But we will enter a little more into detail, in order to reduce more easily to practice this most salutary precept. What, then, is ungodliness? A vice contrary to piety. What is piety ? A virtue, or gift of the Holy Spirit, by which we regard God, and worship Him, and venerate Him as our Father. We are therefore commanded so to deny ungodliness, that we may "live piously in this world ;" or, what amounts to the same thing, so to live piously in this world, that we may deny all ungodliness. But why are these two mentioned, since one would be sufficient ? The Holy Spirit was thus pleased to speak, in order to make as understand that if we wish to please God, we must be so in love with piety as to admit of no impiety. For there are many Christians who seem pious by praying to God, by assisting at the adorable sacrifice, by hearing sermons, & c.; but, in the meanwhile, they either blaspheme God, or swear falsely, or break through their vows. And what else is this, but to pretend to be "pious" towards God, and yet be impious at the same time?

Wherefore, it behoveth those who desire to live well that they may die well, so to worship God as to deny all ungodliness .yea, even the very shadow of it. For it will be of little profit daily to hear mass, and to adore Christ in the holy mysteries, if, in the mean time, we impiously blaspheme God, or swear by His holy name. But we must also carefully remark, that the apostle does not say, " denying ungodliness” but "all ungodliness" that is, all kind of impiety; not only the more heinous sort, but even the slightest.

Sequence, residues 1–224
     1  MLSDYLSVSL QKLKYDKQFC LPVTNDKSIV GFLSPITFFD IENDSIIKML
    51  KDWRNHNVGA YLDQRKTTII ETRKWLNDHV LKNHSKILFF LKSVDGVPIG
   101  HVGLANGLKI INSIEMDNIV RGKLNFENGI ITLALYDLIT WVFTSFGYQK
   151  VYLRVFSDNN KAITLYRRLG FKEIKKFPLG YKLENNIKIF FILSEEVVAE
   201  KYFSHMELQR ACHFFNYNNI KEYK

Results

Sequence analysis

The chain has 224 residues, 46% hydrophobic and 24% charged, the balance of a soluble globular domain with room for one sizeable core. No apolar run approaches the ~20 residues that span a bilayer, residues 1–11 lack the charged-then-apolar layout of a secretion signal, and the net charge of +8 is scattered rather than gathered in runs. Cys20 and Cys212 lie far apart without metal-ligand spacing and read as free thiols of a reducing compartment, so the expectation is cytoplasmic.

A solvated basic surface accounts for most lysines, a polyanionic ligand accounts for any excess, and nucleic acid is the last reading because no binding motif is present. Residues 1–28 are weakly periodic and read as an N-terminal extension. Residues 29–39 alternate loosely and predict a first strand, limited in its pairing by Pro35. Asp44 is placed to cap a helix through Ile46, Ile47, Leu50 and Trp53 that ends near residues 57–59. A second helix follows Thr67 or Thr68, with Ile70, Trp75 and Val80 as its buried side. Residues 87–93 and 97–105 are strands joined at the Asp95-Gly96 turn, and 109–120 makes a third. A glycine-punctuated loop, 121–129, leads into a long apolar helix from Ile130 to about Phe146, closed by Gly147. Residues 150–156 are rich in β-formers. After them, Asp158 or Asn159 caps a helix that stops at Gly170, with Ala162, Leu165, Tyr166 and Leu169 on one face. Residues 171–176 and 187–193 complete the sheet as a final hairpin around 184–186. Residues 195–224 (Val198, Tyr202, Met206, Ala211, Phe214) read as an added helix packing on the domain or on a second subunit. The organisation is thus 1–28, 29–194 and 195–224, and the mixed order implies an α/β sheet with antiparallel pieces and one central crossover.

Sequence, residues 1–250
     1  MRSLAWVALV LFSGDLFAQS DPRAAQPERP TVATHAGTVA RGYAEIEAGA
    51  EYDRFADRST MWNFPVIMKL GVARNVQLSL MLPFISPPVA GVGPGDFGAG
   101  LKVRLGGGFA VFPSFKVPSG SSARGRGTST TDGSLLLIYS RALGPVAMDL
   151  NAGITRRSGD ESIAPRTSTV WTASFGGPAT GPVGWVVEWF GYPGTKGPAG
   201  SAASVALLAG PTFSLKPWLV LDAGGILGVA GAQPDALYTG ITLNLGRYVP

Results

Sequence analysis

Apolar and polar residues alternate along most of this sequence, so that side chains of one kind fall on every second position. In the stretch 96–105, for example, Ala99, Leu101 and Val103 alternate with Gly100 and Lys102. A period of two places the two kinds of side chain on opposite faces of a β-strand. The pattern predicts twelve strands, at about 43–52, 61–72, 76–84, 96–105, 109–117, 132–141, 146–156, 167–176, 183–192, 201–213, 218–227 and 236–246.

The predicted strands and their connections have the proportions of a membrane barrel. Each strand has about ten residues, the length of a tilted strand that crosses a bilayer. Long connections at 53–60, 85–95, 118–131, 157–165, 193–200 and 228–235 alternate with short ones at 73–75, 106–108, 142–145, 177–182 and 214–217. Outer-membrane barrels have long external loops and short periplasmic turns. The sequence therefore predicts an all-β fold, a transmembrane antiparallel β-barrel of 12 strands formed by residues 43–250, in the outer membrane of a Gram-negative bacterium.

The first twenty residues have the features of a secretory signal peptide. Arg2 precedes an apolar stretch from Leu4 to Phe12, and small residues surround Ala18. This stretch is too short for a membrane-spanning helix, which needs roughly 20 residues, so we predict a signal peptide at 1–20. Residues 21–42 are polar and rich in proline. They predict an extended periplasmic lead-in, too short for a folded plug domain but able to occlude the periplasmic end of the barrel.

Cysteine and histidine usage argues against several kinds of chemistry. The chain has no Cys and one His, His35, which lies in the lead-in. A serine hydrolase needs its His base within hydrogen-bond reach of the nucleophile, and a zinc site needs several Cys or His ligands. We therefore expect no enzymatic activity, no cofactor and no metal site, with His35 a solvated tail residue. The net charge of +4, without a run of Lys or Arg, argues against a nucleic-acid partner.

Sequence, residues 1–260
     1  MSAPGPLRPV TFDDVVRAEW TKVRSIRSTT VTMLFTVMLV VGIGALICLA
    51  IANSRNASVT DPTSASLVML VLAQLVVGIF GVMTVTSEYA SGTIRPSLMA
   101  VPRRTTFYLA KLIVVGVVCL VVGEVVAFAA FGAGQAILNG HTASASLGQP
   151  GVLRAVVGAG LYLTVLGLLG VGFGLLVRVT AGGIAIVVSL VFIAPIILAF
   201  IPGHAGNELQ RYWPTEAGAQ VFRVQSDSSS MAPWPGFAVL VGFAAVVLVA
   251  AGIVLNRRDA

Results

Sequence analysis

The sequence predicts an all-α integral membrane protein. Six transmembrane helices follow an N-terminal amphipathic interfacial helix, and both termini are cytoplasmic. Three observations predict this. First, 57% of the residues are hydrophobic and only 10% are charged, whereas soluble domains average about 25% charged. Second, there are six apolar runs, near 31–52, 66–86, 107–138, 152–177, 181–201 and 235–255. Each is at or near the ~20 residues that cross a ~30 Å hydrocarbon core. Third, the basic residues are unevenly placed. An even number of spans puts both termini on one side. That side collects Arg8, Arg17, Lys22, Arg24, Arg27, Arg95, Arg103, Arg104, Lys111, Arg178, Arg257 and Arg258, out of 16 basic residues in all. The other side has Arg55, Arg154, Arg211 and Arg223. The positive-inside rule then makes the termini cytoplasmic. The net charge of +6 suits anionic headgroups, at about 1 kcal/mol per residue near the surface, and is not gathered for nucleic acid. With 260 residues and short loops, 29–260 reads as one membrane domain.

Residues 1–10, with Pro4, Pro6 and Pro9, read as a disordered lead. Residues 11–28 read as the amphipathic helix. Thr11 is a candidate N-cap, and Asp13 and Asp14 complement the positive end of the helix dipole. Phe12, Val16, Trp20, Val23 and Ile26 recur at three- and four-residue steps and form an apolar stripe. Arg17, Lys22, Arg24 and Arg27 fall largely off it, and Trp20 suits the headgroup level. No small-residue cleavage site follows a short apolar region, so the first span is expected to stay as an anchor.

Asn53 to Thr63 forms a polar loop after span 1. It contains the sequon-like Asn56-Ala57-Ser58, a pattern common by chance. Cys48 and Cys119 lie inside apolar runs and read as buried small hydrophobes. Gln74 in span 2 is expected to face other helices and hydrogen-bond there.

And this is said against those who hesitate not to swear without necessity; who in sacred places gaze at females in an unbecoming, though not lascivious manner; who talk during mass, and commit other offences, as if they believed God was not present, and did not observe even the slightest sins.
Our God is a jealous God, "visiting the iniquity of the fathers upon the children, unto the third and fourth generation of them that hate me: and showing mercy unto thousands to them that love me, and keep my commandments.” This the Son of God Himself has taught us by His own example, who, although meek and humble of heart, “when he was reviled, did not revile; when he suffered, hethreatened not ;" but when he saw in the temple "them that sold oxen, and sheep, and doves, and the changers of money sitters," being inflamed with great zeal, He made a scourge of little cords, and themoney of the changers he poured out, their tables he overthrew, saying: “My house is a house of prayer, but you have made it a den of thieves” And this He did twice once in the first year of hispreaching, according to St. John; and again in the last year of his ministry, according to the testimony of three Evangelists.